The United States is mired in an urgent jobs crisis. Despite some early signs of a sustained economic recovery, in many parts of the country the debilitating fallout from the Great Recession on employment remains a painful fact of daily life. Few industries have felt the economic downturn harder than the construction industry, which suffered the most from the consequences of a decade of gross mismanagement of our nation’s mortgage markets and financial services industries.
The unemployment rate in the construction industry hovers at Depression-era levels, remaining near 25% for three straight months by March of this year. Between 2006 and early 2010, total payroll employment in construction fell by 2.1 million jobs, with residential construction declining by 38%, meaning that more than one in three construction workers lost their job as a result of this recession. And this collapse in construction cascades across other industries as well. Construction-related retail jobs fell by 14%, and manufacturing jobs in wood products by 30% over the same period.
Collapsing demand for labor in construction industries is devastating to American families and communities nationwide. To confront this crisis, the U.S. jobs market needs sustained new demand for the skills of construction workers that is grounded in providing real value to the economy through enhanced productivity, greater efficiency, and improved asset value for real estate. For that to happen, we need a sound strategy for investment in our nation’s stock of residential and commercial buildings — a strategy that will get banks lending again, put construction crews back on the job, and improve the long-term economic value of buildings for homeowners, businesses, and investors alike.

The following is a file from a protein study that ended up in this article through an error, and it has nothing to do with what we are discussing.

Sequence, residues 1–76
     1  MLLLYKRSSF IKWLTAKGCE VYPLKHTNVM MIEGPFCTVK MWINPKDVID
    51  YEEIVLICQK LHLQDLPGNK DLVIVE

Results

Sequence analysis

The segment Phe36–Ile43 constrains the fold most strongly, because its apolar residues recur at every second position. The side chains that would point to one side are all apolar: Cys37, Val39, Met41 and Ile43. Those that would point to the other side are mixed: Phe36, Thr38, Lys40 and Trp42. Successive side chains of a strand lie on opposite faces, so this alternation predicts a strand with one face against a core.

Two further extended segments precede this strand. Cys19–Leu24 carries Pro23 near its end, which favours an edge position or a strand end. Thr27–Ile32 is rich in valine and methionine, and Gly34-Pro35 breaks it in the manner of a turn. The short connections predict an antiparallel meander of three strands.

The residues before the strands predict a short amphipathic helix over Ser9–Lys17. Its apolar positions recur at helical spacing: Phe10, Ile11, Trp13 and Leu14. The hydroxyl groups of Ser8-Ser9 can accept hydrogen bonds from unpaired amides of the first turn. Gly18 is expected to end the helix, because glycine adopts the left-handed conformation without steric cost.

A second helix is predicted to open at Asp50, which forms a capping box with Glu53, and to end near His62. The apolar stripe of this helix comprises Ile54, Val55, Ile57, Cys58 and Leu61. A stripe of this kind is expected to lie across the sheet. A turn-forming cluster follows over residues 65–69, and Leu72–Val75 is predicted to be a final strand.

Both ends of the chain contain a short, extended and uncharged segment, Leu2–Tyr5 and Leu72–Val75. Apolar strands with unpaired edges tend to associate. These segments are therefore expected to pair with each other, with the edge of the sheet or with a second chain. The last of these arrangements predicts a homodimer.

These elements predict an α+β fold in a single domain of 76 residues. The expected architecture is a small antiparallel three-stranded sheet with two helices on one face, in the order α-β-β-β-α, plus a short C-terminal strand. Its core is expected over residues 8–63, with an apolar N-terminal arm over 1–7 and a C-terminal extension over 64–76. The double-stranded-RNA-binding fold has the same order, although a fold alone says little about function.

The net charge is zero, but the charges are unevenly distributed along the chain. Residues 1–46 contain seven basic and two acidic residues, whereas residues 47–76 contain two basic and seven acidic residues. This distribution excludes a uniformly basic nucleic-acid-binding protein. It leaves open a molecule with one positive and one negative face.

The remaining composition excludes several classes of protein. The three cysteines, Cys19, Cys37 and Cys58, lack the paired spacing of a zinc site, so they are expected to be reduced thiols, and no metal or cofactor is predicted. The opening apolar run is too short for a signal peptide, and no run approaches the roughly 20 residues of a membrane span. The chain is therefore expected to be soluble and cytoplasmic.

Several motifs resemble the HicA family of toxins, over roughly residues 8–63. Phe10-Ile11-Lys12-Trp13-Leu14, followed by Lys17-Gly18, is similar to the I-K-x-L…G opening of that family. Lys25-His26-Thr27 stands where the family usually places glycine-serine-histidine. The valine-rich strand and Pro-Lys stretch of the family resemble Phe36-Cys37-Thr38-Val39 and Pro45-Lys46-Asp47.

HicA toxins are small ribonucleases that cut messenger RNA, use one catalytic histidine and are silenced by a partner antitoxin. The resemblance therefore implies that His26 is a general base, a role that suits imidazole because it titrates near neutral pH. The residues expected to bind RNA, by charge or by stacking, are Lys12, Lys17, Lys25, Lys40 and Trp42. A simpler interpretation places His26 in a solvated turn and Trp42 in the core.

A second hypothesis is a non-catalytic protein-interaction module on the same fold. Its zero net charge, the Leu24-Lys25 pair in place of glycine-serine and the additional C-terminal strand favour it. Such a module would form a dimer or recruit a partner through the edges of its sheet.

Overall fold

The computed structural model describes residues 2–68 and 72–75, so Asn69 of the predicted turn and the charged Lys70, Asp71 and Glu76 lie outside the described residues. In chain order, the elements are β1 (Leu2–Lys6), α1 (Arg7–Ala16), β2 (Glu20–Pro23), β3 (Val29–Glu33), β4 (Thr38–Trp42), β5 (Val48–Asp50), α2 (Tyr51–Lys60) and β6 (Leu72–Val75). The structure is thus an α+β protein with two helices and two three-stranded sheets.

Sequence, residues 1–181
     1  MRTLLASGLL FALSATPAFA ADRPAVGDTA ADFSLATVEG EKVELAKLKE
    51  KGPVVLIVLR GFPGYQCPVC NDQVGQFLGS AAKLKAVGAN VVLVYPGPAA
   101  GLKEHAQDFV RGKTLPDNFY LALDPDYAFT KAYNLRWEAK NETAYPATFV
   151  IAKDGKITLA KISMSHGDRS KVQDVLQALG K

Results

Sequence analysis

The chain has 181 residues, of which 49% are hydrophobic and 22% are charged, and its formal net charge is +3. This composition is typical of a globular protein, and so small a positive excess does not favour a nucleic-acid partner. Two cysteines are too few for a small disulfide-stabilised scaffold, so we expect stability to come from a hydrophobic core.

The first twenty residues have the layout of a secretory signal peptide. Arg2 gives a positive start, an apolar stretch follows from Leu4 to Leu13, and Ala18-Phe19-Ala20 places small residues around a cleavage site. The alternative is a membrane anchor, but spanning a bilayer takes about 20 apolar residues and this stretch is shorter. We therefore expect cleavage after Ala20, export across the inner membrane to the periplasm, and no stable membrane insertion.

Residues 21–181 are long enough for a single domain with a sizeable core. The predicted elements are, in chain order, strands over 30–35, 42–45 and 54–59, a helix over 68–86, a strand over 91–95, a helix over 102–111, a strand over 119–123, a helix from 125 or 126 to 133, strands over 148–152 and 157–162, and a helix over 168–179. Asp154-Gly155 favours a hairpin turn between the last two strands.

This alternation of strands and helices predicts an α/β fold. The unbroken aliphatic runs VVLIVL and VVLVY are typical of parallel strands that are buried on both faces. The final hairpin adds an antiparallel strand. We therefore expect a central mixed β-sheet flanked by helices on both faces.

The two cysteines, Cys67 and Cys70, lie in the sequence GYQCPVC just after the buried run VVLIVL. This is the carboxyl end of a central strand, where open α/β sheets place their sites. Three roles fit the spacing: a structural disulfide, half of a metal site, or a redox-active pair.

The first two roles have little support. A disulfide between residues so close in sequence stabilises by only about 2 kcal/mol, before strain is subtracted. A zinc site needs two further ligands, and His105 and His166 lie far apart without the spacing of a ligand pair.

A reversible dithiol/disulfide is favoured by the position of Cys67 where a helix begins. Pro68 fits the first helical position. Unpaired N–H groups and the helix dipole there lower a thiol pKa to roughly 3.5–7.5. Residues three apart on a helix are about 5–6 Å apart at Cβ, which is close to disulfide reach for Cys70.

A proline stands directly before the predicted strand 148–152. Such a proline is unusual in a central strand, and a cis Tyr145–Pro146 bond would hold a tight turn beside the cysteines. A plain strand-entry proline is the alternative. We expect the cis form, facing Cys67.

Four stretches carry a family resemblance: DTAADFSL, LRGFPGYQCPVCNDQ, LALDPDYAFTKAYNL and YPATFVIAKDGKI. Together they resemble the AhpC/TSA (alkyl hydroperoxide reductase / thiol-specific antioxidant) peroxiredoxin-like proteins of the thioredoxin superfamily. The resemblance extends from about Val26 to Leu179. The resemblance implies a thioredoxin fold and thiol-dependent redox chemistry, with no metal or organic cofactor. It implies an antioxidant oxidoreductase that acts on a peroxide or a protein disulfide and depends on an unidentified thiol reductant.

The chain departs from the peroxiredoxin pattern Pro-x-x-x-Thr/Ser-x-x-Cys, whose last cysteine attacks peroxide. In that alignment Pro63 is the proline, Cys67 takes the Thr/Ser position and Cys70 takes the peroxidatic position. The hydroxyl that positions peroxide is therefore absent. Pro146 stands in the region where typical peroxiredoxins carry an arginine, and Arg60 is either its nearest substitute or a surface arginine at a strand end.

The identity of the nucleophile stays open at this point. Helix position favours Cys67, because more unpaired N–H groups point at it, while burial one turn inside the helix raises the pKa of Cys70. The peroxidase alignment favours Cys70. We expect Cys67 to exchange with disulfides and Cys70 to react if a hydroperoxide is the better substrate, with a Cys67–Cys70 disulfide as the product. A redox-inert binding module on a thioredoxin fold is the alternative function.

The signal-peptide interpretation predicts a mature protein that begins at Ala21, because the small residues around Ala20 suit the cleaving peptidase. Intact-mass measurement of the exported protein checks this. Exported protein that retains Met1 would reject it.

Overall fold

Such a solution is readily available. Our country needs a national program to retrofit America’s homes, offices, and factories for energy efficiency — a program that can provide an important answer to the jobs crisis facing our country. But it will take public policy leadership to mobilize the private sector investment that is needed to grow this emerging market. Fortunately, many states around the country are already demonstrating that with public sector leadership it is possible to jumpstart market demand for energy efficiency retrofits of our homes and businesses.
In this paper, the Center for American Progress and Energy Resource Management look at state regulations and incentives for energy efficiency that are working today in leading states to accelerate demand for energy efficiency services, businesses, and ultimately jobs. As this market rapidly grows in coming years, states that have put in place strong policies for energy efficiency will be best positioned to capture these new employment opportunities for construction workers in clean energy. Despite the growing state leadership documented here, however, more must be done to capture the full potential of energy efficiency to serve as a national engine of reinvestment and job creation.